A year-long inquiry commissioned by New South Wales’ Independent Liquor & Gaming Authority (ILGA) has found Crown Resorts unsuitable to operate a new casino at Barangaroo in Sydney.
The final report, which was tabled in the NSW State Parliament on Wednesday afternoon, detailed allegations of money laundering and systemic cultural problems at the firm’s Melbourne and Perth casino properties.
Commissioner Patricia Bergin said in the report that Crown would need to introduce widespread changes to its corporate and operational policies in order to be considered a suitable candidate for the casino business in the future.
The Sydney Harbour development also includes hotels and restaurants, some of which have already opened, but Commissioner Bergin’s findings have thrown the $2.2 billion project into disarray.
While the ILGA has yet to officially endorse the report, it now seems unlikely that the state regulator will allow Crown to launch gambling facilities at Barangaroo.
Allegations of money laundering and systemic corruption have dogged Crown since the ABC’s Four Corners first brought the matter to public attention in 2014.
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Those issues, and several more, were raised again in 2019 when Fairfax Media aired a damning report that claimed the company was catering to Asian criminal syndicates via international junket operators.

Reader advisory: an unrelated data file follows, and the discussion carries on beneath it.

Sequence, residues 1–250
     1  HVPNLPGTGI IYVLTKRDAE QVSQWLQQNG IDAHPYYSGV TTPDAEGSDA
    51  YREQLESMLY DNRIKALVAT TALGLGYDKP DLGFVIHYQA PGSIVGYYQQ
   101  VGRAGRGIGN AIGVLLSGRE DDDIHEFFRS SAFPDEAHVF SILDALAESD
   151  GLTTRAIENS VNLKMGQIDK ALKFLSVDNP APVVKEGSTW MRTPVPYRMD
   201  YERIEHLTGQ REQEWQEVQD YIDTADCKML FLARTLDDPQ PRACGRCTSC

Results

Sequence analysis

Those claims were the central focus of the hearings, which also investigated James Packer’s role both during and after his time as executive chairman of Crown Resorts.
Packer stepped down from the top job in 2018, although the ILGA inquiry heard that he has since continued to act as a de facto director of the company.
The inquiry also investigated whether Packer had broken any of Crown’s regulatory requirements when he sold off a chunk of his shares in the firm to Hong Kong’s Melco Resorts – a major player in the Macau gaming industry.
Commissioner Bergin accused Crown of “corporate ignorance” in dismissing the aforementioned media reports and refusing to address obvious problems within the business.
While Crown has committed to a company-wide overhaul in the face of the inquiry, it remains to be seen what impact the findings will have on the firm’s gambling operations and regulatory status in Victoria, Western Australia, and abroad.
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